I’ve spent 3 months in India, interning for an NGO. Among my travels there, Jaisalmer is by far the greatest marvel I’ve witnessed. It is a fortified ancient town in the middle of the desert, bordering with Pakistan, and it’s incredibly hard to reach – but totally worth the effort. It is famous for its minutely chiselled architecture, unique and beautiful in all its manifestations.
The town, honey-yellow in its majestic walls, the same colour of the sea of sand it floats on, is in Northern India, in the state of Rajasthan. There is no close airport nor railway station so we left in a van from New Delhi, where we were based, at night with the hope of reaching our destination by noon the day after.
Tip for affordable travelling: beware of agencies or services offered to foreigners, they are truly overpriced. We were helped by some local friend in finding a driver that would offer his van and his driving for the whole of our days out. His rate, negotiated by our Indian friends, was super affordable and we could split it as the van could easily fit the 6 of us. In India, where railways are not reliable with regards to timing and flights are not always an option, renting drivers with vans and split costs can be an incredibly convenient way of travelling. Be prepared to spend entire days in the vehicle though, distances are massive.
The ride went smooth and we arrived on time to start to have a look around. Jasailmer is literally a fortress in the middle of the desert so we immediately went for a camel ride between the dunes. There are plenty of camel owners offering rides and chilled drinks so be prepared to negotiate. I’m still not sure about how to feel about my camel ride. I literally fell in love with the camel but I wonder how ethical it was.
A Safari ride in the desert followed. It wasn’t centred on animals but on the very fun off-road ride.
Our hotel was stunning, again booked by our Indian friends. Probably this is again the reason why we saved so much money: we ended up paying less than 13 euros per person per night, safari ride and dinner in the desert included.
Speaking of our dinner in the desert, we were served by the fire with local and unusual food. There were plenty of delicious vegan and vegetarian options, based on legumes, roots and herbs collected in the desert. A transgender dancer, commonplace and fascinating figures in India, danced for us the whole evening, spinning at incredible speeds, pacing on broken glasses without blinking.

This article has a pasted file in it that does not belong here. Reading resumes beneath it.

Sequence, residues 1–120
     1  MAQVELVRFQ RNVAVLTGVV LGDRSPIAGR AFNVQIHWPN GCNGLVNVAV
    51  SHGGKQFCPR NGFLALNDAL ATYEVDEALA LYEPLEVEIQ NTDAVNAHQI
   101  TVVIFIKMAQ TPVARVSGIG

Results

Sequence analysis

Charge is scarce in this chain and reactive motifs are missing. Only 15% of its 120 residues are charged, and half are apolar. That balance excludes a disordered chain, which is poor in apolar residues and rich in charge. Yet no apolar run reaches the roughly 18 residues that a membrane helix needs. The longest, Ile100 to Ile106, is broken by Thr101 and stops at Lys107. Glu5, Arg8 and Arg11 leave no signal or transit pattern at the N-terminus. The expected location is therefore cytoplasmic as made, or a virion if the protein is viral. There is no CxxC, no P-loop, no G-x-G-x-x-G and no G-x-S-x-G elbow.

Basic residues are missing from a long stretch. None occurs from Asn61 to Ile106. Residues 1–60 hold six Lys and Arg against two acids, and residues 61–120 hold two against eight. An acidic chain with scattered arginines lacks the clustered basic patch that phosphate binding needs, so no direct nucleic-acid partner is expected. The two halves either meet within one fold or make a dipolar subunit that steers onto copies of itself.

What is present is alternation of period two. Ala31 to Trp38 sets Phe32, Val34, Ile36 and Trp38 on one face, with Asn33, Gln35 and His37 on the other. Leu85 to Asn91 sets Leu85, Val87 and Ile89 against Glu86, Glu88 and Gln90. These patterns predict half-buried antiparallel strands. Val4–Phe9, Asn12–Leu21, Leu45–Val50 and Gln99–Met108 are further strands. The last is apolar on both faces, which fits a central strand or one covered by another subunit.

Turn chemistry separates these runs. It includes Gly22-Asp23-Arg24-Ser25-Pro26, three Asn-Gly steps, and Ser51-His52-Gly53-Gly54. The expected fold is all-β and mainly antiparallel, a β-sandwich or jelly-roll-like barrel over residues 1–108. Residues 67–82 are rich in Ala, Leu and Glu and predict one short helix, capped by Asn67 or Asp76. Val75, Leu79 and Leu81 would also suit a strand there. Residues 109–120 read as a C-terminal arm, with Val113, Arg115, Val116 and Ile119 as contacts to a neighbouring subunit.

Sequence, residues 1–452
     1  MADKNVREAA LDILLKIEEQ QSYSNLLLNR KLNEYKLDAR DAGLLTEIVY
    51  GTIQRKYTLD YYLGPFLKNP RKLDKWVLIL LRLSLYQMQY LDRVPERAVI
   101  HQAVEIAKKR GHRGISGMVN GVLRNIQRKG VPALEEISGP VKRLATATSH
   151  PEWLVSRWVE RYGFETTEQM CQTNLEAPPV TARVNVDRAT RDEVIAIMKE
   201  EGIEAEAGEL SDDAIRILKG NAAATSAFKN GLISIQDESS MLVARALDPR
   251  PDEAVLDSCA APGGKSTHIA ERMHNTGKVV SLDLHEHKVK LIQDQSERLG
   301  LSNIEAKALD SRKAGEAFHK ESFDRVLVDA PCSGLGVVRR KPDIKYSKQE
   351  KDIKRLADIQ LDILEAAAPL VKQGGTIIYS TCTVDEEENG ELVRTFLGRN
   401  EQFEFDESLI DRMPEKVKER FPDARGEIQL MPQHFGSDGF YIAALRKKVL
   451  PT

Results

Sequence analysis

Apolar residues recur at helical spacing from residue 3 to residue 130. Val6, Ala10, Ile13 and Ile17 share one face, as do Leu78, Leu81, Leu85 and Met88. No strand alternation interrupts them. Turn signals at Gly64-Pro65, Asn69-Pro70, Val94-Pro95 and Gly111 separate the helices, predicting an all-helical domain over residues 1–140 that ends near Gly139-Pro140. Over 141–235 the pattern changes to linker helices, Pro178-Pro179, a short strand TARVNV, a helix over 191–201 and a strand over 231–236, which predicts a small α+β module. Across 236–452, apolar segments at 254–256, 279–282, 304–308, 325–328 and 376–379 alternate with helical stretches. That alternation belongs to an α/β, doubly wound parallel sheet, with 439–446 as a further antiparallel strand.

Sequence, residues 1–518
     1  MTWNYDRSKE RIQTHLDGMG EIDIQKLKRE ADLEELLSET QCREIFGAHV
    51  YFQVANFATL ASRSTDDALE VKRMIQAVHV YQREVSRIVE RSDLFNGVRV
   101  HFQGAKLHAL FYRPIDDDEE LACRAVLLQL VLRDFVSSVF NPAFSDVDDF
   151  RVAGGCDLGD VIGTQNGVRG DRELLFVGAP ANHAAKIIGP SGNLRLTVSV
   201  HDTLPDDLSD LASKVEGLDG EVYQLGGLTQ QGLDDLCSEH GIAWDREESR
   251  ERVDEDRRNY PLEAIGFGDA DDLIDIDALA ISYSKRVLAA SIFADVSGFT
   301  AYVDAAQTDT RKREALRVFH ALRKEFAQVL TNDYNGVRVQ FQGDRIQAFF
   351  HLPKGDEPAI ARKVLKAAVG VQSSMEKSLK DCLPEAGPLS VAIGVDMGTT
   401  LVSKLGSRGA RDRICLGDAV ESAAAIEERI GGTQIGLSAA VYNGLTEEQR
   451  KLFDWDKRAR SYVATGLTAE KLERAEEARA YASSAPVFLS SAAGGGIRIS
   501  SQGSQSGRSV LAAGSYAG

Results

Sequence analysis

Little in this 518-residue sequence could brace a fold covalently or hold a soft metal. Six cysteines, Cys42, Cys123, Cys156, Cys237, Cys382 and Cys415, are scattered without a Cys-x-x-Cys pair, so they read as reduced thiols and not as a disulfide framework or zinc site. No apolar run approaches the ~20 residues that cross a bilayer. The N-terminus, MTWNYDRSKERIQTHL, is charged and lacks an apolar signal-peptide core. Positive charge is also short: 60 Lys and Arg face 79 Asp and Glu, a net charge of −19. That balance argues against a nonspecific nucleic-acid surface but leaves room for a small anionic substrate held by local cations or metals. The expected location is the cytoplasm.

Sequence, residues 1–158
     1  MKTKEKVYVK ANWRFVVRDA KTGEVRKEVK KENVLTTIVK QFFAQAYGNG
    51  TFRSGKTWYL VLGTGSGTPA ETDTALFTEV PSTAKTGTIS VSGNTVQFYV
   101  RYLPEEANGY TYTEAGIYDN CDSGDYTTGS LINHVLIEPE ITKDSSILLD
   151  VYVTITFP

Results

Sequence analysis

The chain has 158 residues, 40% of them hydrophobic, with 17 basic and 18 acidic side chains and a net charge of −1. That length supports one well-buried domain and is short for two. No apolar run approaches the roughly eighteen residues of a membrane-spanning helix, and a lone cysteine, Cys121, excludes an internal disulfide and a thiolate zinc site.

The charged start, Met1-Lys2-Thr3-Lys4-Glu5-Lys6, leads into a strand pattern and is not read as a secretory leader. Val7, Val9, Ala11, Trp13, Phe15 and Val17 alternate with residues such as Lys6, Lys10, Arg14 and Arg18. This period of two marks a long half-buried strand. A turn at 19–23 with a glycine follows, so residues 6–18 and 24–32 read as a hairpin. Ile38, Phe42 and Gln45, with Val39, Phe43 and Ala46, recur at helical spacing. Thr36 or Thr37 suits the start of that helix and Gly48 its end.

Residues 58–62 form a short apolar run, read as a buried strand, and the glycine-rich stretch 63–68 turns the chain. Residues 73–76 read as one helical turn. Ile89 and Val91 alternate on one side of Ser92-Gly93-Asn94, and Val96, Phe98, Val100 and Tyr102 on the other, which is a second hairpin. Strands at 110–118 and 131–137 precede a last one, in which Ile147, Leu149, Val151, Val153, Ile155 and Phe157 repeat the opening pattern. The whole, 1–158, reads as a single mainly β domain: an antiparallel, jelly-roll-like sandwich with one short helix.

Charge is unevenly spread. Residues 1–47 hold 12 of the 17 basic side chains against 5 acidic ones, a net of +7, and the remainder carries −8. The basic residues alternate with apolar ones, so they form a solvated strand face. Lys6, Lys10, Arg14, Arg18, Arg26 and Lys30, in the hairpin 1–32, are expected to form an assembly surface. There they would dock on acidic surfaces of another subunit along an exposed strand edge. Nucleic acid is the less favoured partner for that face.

After dinner, during our ride back surrounded by sand, an antelope crossed the road. Our driver suddenly drove off road to hide the van behind a dune. A group of armed man followed up. Our driver told us they were probably Muslims –so used to eating mammals, unusual in most of India- out for hunting even if forbidden by the Indian law. We were told to be careful around the area, being the border sometimes subjected to terrorism.
We spent the following days exploring the old town (there is no such a thing as a more recent part of the town though). We ate at local restaurants (check out this post for tips on authentic Indian food) and visited a Jain temple, one of those that feature the incredibly fine chiselling that are so typical of Indian architecture. It is definitely worth a visit. We discovered too late that there are other such temples in the middle of the desert, I wish I had time to explore them as well.
While walking around, we were told by our driver that Jaisalmer is the town of silver. Here is where it is vastly manufactured, mostly by families themselves, and then distributed all around India and the world. So we entered one random silver shop. It looked mostly like a home that a shop – indeed, it was a home. Our host showed us the tools he used to create his artefacts and work his silver, than brought us upstairs in his family’s bedchambers. He laid down a linen and invited us to sit while showing us, one by one, all his doings.
Rings, necklaces, earrings and charms of all sorts. Long negotiations followed –always negotiate, it’s a fun and necessary skill to acquire by traveling- and we ended up purchasing unique silver garments at a stunningly cheap rate as we were right at the beginning of the production chain. We even got local and delicious tips on the best places to eat to.
But the thing we appreciated most surely was just strolling in the maze of alleys, discovering the beauty of Jaisalmer buildings, both the simple and the royal ones. And, of course, enjoying the chilled charisma of resident cows.